Edinburgh isn’t the only city to host a Fringe Festival dedicated to comedy, theatre, music and dance. Praha (Prague) also holds a nine-day Fringe Festival which this year will start on 27th May and finish on 4th June 2011. Events will take place in nine venues in the beautiful Mala Strana area of the city.
Over the past 10 years Fringe Festival Praha has hosted works by local, national and many international companies who fly in annually for the event. Most shows are very visual, some are in English, some in Czech, most last for an hour, and all are designed to entertain, delight and, at times, even challenge.
Before he arrived in Hollywood to leave his indelible (and inimitable) mark on timeless comedies like Trouble in Paradise and The Shop Around the Corner, Ernst Lubitsch created an expansive body of work in Germany that proved to be as varied in its tone as it was sophisticated in its measure of man and woman. Yesterday the Masters of Cinema release this box set: a collection of six recently restored works from the silent phase of Lubitsch’s career, casting new light on the director both as a fully-formed comic master, and as a virtuoso of cinematographic technique.
ICH MÖCHTE KEIN MANN SEIN (1918)
One of the first collaborations between Lubitsch and the exuberant Ossi Oswalda, Ich möchte kein Mann sein [I Wouldn’t Like to Be a Man] is a concise sketch of society life in three acts. When Ossi’s uncle goes away on a business trip, a new guardian steps in to tame the distractable niece. But Ossi finds a way out of the house and into a grand ball by way of a brazen cross-dressing scheme, and triggers what is perhaps Lubitsch’s most twisted finale.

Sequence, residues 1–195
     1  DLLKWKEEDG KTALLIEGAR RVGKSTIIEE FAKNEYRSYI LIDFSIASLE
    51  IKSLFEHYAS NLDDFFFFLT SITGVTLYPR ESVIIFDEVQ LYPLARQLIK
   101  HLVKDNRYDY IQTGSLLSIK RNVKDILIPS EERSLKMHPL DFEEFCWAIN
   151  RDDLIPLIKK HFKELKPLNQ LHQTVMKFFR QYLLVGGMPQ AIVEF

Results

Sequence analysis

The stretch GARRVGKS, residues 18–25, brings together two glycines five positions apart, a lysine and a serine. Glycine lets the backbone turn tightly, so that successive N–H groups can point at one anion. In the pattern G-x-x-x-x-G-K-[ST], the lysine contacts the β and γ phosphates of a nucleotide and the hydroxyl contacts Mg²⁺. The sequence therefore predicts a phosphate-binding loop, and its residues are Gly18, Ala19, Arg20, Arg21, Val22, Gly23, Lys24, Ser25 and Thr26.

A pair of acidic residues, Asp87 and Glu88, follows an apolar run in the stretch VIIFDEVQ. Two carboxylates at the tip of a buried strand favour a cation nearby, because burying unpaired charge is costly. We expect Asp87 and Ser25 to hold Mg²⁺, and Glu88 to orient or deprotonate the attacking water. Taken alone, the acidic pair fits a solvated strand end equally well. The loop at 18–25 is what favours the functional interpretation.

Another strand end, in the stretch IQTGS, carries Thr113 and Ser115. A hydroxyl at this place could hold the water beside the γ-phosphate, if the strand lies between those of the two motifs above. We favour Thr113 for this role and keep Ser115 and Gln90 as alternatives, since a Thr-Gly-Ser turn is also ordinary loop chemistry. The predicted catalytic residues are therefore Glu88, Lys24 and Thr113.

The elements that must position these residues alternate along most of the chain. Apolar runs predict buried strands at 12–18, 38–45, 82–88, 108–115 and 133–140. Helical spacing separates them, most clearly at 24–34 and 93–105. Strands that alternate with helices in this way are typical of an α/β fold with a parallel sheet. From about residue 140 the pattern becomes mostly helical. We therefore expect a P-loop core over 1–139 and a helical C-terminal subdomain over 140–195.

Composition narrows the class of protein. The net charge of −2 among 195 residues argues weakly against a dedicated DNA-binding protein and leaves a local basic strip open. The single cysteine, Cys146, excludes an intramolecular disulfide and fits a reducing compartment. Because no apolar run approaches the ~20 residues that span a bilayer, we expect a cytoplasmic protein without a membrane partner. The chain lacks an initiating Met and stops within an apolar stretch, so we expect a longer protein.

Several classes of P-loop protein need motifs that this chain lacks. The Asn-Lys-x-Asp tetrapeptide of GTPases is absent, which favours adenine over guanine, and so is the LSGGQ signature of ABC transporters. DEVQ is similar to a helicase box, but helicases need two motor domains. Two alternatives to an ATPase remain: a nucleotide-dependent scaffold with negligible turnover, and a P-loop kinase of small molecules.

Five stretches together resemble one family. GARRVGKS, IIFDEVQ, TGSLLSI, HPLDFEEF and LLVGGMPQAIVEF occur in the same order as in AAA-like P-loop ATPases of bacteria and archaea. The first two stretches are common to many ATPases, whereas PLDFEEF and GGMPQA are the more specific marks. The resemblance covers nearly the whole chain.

DIE PUPPE (1919)
“Four amusing acts from a toy-chest” — so reads the opening title of the comic masterpiece Die Puppe. [The Doll.] adapted by Lubitsch and co-scenarist Hanns Kräly from a libretto by A. M. Wilner (based in turn on a tale from E. T. A. Hoffmann). Ossi Oswalda stars in a double-role as both the mischievous daughter, and automatonic creation, of a wildly coiffed “dollmaker”. When a wealthy baron decides the time has come for his prudish nephew to take a wife, an uproariously ribald plot unwinds into what is perhaps the world’s first-ever sex-doll comedy.
DIE AUSTERNPRINZESSIN (1919)
As Die Austernprinzessin. [The Oyster Princess.], Ossi Oswalda makes another turn as a plutocrat’s rambunctious daughter, now the heiress of a global oyster empire, devoting her wiles once again to the service of man-ipulation. A comic high-point in the master’s oeuvre, Die Austernprinzessin. showcases the trademarks of the “Lubitsch Touch” and its ten-fingered dexterity, resulting in a film that is simultaneously clever, concise, and risqué.